What is Dysphagia, and What Are the Possible Causes of a Swallowing Difficulty? | TwinCity Medical Mobile

What is Dysphagia, and What Are the Possible Causes of a Swallowing Difficulty?

The inability to swallow foods or liquids with ease is known as dysphagia. There are about 50 pairs of nerves and muscles involved in the swallowing process and four phases of swallowing, which make it challenging to determine the possible causes of swallowing difficulty without administering a Modified Barium Swallowing Test.

The four phases of swallowing can be broken down into two categories: oropharyngeal (which includes the oral preparatory, oral, and pharyngeal phases), and esophageal.

Oropharyngeal Dysphagia 

The most common causes of oropharyngeal dysphagia are disorders of the nerves and muscles in the throat, which weaken the muscles. Someone with oropharyngeal dysphagia will likely experience choking or gagging sensations when they try to swallow.

There are several conditions that may cause these symptoms, including nerve damage from surgery or radiation therapy, Multiple Sclerosis, Parkinson’s disease, and Post-polio syndrome. However, this swallowing difficulty has been known to originate from obstructions in the pharynx or upper throat as well, which is what an MBS test can help determine.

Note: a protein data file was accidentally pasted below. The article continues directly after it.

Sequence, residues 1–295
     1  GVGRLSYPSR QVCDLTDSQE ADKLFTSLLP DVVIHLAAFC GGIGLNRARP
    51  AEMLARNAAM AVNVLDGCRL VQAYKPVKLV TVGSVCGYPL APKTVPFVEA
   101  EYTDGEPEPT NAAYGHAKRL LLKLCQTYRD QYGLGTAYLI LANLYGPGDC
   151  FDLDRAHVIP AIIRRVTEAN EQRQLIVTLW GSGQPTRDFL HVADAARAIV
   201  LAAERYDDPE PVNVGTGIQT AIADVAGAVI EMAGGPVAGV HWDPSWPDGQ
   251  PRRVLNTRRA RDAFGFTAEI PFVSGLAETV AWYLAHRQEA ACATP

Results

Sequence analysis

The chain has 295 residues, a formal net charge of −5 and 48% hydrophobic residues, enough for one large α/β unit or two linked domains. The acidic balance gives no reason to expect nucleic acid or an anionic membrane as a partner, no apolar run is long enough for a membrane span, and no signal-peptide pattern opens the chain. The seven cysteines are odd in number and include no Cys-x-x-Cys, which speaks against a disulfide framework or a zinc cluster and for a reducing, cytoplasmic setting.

Esophageal Dysphagia

With esophageal dysphagia, the sensation experienced is having something stuck in the throat. The condition can be caused by muscle spasms in the lower esophagus and may be exacerbated by the inability of the esophageal sphincter to relax.

Intermittent narrowing of the esophageal ring may result in tightness in the lower esophagus that produces the sensation, although the narrowing can also occur as a result of scarring (from chronic radiation or post-radiation treatment), inflammation, or GERD.

Our team at TwinCity Medical Mobile offers convenient consultations across the Piedmont area in North Carolina. Our state-of-the-art medical mobile van is equipped with all the necessary equipment and technology to test patients located in assisted living centers, nursing homes, and other locations.